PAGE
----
A surprising number of the thousands of postcards displayed online each year involve a loss of belief or a loss of faith, such as the one above.  (Many are more blunt, just saying, “I don’t believe in God anymore;” often with the punchline, “I’m a pastor.”)  It’s interesting that while the average person’s ten commandment list would focus on the ‘second tablet’ there are at least some people responding who regard ‘first tablet’ sins — commandments one through four — as equally serious, especially the overarching loss of regard for God Himself.

It is as though this type of confession weighs equally on the heart of the person taking the time to compose the postcard.   There is a disconnect that has taken place between themselves and God, and somehow, they know God is not at fault.  (“If God suddenly seems distant, guess who moved?”)

Of course what is most sadly lacking, especially from a liturgical point of view, is the assurance of pardon.   Ignoring the fact that the confession may have been misdirected — confessing to a stranger or online community of strangers only eases the desire to tell someone — there are no next steps; there is nowhere to begin climbing back to right relationship with either themselves, another party, or God.  Not even a Hail Mary.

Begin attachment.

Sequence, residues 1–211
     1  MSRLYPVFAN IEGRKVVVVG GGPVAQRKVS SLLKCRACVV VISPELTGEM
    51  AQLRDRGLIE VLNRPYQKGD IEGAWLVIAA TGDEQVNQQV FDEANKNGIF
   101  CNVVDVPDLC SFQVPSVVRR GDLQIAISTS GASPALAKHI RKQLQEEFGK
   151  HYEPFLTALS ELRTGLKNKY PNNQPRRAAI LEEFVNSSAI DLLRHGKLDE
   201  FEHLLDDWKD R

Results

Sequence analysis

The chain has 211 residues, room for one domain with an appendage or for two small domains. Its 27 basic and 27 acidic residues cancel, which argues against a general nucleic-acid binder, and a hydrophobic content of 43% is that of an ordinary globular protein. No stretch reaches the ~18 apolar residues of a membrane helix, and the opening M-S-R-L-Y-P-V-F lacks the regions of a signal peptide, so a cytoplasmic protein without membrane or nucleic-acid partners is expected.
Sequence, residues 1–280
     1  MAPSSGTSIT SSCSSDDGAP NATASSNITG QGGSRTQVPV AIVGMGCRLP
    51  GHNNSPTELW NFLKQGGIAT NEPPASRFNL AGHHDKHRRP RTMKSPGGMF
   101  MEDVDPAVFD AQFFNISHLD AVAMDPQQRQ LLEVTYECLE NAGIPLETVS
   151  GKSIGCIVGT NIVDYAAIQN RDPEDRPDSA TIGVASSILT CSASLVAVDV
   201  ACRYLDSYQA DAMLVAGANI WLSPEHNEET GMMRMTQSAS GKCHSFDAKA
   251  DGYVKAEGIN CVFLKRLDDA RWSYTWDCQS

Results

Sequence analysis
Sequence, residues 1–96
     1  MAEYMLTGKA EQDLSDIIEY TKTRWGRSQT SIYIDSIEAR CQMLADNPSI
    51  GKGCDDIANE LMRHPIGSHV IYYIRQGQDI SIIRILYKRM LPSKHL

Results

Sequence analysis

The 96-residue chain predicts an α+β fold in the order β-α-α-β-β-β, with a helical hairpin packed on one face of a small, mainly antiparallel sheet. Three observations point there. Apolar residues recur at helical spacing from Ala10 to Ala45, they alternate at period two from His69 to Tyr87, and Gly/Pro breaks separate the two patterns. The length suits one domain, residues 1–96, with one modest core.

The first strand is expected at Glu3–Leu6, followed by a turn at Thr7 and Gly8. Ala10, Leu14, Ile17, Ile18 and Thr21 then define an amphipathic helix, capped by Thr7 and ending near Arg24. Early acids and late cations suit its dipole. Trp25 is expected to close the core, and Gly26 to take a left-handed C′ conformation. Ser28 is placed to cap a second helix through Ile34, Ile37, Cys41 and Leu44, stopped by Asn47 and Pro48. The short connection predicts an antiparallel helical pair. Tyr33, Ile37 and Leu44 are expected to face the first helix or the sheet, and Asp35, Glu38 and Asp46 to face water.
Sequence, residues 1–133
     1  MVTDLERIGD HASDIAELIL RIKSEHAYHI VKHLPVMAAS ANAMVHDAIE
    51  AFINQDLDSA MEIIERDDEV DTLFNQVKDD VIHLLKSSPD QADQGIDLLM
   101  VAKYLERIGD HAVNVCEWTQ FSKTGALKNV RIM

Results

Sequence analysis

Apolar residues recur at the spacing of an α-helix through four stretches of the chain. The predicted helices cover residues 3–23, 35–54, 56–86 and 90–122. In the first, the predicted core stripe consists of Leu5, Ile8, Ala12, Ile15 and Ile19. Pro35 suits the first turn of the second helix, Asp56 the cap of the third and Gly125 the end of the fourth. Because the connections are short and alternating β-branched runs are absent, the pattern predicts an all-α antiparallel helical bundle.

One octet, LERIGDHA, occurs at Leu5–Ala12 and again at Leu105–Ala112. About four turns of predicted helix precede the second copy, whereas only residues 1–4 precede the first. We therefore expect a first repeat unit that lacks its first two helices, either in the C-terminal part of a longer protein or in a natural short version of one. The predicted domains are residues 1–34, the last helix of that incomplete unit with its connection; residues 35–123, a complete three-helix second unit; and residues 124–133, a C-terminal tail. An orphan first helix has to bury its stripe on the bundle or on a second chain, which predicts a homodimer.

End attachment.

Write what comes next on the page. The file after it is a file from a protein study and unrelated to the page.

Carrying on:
Instead, the Post Secret simply squats online for a few days — or longer if it gets picked up in one of the print editions — like a traffic accident that no one is bothering to clean up.

In The Pursuit of Holiness, Jerry Bridges says we never see sin correctly unless we see it “as against God.”   In other words, even the casual theft of office supplies is a sin against God.   We don’t fail ourselves, or fail our spouse or boss or relative or neighbor; ultimately we “miss the mark” with God.

But the assurance of pardon is that if we confess our sin, with faithfulness and according to a justice we can’t always comprehend, he will pardon that sin and help us to work out that sin-nature that caused it.

If God had a website confessional; people would walk away feeling new, and cleansed, and whole.

He’s got something better.

Wanna read more?   Here’s a continuation of this discussion at Christianity 201.

The reason Moses always appears holding two Styrofoam flutter boards is that the first four commandments involve sins against God and the second six involve sins against other people; often referred to as ‘first tablet’ and ‘second tablet.’   See, you learned something today about flutter boards.

So far, no link.   I know.   Post Secret contains content that is certain to offend some readers of this blog, but if you’re looking for the link, this is it.